Only verified users will have their content featured in the ‘For You’ timeline FILE PHOTO. Twitter headquarters in San Francisco, California © Getty Images / David Odisho
Elon Musk has announced that starting April 15, only verified Twitter accounts will be eligible to be featured on the platform’s recommendation timeline. The tech mogul explained the move in a Twitter post on Monday, stating it’s “the only realistic way to address advanced AI bot swarms taking over.”
Apart from no longer being featured in other users’ ‘For You’ feeds, unverified accounts – those that have not paid the $7 monthly fee to have their account verified with a blue checkmark – will also lose the ability to vote in polls. Musk again explained the decision by pointing to the prevalence of bots on the platform.
It is unclear, however, if Musk was only referring to polls created by Twitter and himself – as he often gauges public opinion on key decisions through this tool – or all polls on the platform.
Twitter announced last week that it would remove the verified status of some ‘legacy’ accounts by April 1, meaning only those paying a monthly subscription will now have the blue checkmark in their profiles. According to analysts from Sensor Tower, Twitter currently has an estimated paying user base of just over 385,000 mobile subscribers worldwide on both iOS and Android.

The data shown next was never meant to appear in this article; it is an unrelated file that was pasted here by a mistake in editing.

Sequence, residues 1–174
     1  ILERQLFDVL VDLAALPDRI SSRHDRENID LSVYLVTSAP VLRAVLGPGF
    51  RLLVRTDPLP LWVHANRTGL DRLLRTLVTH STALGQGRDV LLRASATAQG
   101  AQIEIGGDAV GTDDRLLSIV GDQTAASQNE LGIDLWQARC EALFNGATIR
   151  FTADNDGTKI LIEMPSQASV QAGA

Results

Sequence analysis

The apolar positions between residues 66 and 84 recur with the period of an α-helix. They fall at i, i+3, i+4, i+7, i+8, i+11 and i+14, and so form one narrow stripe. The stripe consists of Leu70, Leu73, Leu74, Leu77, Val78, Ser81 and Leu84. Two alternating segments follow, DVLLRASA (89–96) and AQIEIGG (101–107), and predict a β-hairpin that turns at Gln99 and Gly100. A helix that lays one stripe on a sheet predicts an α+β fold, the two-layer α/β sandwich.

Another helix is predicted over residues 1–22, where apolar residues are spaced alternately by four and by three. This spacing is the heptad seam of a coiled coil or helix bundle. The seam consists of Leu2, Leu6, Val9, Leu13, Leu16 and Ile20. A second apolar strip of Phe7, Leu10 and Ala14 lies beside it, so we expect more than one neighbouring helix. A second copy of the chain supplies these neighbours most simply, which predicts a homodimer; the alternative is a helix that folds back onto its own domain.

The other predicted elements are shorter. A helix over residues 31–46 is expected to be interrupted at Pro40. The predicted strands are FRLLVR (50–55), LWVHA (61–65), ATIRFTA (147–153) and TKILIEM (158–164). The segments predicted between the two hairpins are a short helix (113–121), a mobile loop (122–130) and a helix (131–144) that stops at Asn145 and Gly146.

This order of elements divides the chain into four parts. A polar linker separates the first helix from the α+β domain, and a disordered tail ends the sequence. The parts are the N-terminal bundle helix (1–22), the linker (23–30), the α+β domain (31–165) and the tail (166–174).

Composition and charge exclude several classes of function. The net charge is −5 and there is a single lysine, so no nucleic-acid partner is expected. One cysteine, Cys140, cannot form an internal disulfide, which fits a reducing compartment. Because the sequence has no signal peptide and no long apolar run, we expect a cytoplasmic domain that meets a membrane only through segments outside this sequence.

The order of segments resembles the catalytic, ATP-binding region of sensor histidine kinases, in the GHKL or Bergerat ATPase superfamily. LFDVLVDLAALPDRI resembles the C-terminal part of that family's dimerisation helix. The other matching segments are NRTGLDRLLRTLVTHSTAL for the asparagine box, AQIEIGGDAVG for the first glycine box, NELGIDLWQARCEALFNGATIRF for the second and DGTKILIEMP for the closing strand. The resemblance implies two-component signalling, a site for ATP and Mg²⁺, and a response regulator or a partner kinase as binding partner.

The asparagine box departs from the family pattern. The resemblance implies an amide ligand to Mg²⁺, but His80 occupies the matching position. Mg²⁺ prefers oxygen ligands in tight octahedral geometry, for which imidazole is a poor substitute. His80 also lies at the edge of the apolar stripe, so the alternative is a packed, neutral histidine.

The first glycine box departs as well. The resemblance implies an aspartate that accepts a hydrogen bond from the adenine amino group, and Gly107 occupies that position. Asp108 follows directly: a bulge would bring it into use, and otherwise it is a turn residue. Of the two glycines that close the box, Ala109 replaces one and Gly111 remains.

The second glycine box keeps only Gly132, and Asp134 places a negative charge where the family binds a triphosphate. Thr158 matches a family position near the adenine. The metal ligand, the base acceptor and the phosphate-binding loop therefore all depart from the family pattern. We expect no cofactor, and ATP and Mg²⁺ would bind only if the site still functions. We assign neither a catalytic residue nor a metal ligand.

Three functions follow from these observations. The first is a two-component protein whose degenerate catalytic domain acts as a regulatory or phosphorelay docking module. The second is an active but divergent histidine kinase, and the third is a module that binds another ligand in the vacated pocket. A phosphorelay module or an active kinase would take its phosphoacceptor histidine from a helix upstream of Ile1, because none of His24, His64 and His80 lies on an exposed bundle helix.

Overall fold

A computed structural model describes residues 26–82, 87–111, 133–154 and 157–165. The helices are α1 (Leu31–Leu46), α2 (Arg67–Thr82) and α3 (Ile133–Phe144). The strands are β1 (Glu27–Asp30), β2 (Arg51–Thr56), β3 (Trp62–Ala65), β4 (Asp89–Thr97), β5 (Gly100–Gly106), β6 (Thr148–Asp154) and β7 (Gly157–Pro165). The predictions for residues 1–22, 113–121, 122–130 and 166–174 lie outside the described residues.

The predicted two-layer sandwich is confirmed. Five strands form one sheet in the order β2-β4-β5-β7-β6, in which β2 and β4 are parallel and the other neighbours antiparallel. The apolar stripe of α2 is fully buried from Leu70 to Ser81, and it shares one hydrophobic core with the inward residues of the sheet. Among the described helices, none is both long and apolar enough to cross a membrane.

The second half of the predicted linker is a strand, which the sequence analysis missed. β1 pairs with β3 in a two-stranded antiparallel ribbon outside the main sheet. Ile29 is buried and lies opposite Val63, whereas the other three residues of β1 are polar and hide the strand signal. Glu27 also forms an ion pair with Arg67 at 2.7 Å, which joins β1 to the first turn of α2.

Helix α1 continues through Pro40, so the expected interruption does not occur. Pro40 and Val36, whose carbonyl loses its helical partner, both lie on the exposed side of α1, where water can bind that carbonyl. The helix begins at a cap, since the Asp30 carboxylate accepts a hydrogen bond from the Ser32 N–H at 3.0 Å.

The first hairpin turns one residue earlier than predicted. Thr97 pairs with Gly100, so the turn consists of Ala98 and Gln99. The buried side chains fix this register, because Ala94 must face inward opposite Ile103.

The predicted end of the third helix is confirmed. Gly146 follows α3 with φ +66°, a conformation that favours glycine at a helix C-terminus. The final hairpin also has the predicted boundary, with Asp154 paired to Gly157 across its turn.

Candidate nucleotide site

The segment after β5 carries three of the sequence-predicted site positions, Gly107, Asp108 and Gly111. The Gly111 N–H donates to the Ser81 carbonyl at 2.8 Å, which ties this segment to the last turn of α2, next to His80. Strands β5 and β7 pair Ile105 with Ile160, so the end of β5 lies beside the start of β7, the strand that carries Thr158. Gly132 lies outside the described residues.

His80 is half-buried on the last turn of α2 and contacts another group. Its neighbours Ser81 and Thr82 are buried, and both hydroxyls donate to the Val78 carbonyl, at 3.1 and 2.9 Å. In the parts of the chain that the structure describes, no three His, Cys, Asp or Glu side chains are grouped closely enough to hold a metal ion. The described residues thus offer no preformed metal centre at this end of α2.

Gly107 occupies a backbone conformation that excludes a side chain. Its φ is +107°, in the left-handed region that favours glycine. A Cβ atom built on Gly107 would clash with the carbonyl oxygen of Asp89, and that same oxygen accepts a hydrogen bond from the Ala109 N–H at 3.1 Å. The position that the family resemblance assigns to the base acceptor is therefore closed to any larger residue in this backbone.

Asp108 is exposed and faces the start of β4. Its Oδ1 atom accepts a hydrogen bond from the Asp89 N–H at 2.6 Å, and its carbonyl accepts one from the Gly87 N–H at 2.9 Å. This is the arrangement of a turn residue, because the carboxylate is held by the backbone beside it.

Critics of Musk’s algorithm change say it will significantly hinder the recommendation timeline’s relevance, as it will essentially prevent regular people from reaching a wider audience and only feature paying users, brands, and accounts of officials.
Twitter hunting source code leaker
Meanwhile, Twitter has been dealing with a source code leak, after an unknown hacker or group of people posted the code on GitHub – a software collaboration platform. Twitter has filed a court petition seeking to identify those responsible for the leak, arguing that the code, which underpins the website’s entire operation, could expose security vulnerabilities.
Musk bought Twitter for $44 billion in late October 2022. After appointing himself CEO and vowing to transform the site into a free speech platform, the billionaire fired nearly three-quarters of Twitter’s workforce, removed some of its more contentious censorship policies, and restored a number of banned accounts, including that of former US President Donald Trump. However, he has yet to make the company profitable, as its value has decline by one half since the takeover, according to the Wall Street Journal, despite cutting the workforce and implementing a subscription model. (RT)